Some of the rights of way - including bridleways used by cyclists - are legitimately blocked by county councils, but some are being kept closed by belligerent farmers

Britain may be FMD-free, but some rights of way are still blocked

The Outdoor Industries Association (OIA) has welcomed the news that Britain has finally been declared foot and mouth free.

The news that the last county, Northumberland, has been reclassified as FMD free is a major landmark in the fight against the disease and follows the reclassification at the start of the year of North Yorkshire, Cumbria and Durham. This means that all counties in Britain now have FMD free status so far as livestock movements are concerned.

“This is a welcome landmark, although not quite the end of the story,” said the OIA’s Andrew Maxted.

“We are delighted that 98 percent of footpaths are now open nationwide and that the rural economy can look forward to recovery this spring. We recognise however that a small number of rights of way crossing former infected premises are still closed and ask all outdoor enthusiasts to continue to respect any signs in place to this effect.”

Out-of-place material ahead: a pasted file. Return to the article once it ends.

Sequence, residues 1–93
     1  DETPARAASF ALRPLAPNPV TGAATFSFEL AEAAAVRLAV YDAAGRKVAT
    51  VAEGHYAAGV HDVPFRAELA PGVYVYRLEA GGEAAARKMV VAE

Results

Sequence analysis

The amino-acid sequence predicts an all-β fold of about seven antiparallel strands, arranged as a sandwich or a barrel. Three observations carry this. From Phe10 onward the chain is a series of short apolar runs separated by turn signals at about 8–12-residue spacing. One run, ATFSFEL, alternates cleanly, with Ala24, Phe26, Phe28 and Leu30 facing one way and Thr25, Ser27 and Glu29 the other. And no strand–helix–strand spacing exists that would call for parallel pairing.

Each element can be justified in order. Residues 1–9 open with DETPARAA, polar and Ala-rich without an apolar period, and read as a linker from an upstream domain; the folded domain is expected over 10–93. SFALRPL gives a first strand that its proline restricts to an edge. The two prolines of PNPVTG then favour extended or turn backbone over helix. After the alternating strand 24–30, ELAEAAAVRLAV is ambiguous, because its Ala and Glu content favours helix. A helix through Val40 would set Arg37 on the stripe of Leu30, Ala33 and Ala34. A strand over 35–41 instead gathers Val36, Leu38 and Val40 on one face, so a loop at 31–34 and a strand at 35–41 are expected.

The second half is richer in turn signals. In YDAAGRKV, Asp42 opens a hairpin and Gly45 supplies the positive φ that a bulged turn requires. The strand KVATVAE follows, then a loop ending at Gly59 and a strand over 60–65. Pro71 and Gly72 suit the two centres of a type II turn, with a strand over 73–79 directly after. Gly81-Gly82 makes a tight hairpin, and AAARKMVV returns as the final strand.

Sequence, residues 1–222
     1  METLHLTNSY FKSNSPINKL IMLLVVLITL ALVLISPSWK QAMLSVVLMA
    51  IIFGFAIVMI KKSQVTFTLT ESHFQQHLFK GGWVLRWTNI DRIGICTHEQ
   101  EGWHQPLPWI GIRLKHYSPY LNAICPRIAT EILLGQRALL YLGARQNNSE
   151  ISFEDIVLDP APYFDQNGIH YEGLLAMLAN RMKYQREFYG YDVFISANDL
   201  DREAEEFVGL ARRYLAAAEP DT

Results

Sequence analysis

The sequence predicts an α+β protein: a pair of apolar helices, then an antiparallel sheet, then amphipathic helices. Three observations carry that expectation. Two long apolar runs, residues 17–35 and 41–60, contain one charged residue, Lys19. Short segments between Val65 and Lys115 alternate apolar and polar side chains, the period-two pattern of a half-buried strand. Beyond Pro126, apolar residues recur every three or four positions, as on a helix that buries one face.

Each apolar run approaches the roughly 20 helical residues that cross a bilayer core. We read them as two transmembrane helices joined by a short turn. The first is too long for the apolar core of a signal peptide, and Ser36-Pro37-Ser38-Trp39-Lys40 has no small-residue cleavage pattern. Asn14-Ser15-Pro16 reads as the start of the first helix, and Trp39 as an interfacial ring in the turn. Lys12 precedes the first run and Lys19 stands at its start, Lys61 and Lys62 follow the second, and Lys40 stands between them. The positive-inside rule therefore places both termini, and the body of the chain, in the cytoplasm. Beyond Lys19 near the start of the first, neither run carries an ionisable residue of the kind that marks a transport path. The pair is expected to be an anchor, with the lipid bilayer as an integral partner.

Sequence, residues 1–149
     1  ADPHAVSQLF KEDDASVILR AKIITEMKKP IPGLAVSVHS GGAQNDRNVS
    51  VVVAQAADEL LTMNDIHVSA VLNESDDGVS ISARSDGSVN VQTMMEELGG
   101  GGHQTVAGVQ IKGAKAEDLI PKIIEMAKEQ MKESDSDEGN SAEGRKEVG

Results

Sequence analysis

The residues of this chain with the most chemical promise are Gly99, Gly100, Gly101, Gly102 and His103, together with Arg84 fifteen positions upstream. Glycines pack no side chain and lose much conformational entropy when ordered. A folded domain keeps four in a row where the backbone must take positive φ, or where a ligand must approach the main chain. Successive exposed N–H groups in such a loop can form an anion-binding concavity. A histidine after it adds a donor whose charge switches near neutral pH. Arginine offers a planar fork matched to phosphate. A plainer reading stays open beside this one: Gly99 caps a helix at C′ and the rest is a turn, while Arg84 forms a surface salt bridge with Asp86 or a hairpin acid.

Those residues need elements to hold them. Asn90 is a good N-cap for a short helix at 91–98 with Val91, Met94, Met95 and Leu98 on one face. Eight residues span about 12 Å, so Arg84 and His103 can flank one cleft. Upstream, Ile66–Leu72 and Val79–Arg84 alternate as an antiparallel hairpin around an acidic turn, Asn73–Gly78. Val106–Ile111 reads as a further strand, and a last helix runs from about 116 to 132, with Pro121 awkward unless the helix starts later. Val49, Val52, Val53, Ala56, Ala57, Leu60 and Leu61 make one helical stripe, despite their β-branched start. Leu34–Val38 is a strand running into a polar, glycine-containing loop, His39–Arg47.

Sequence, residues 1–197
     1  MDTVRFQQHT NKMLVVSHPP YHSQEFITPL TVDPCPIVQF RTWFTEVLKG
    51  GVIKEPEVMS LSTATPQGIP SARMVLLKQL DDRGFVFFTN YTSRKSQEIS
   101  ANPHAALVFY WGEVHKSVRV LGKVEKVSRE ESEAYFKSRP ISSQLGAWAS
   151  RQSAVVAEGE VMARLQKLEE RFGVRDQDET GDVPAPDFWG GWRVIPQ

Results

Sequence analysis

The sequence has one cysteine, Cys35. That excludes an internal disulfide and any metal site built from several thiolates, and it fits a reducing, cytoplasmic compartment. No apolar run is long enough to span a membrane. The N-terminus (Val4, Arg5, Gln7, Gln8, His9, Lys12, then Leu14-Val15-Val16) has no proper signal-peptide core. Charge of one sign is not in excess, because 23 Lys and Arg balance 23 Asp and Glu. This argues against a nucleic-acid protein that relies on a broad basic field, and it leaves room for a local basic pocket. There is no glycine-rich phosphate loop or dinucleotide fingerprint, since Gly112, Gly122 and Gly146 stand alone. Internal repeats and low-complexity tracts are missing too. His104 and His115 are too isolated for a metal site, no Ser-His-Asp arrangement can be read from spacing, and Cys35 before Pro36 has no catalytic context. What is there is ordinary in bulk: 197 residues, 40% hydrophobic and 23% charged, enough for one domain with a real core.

The change in classification eases restrictions on animal movements. Restrictions will remain on some individual farms until cleansing and disinfection work is complete. Most cleansing and disinfection has been completed or will be done by the end of February. A very small number are likely to remain under restriction in the coming months.

Whilst the farming industry is said to have lost £2bn thanks to FMD (although many millions of pounds later saw their way into farmer’s pockets), rural tourism and industries such as the bike and outdoor trades lost a combined £30bn.

In other news...

Leatt appoints Bastian Dietz and Dain Zaffke to focus on MTB market

Leatt, the head-to-toe protective gear brand, has announced that it is reinforcing its team with …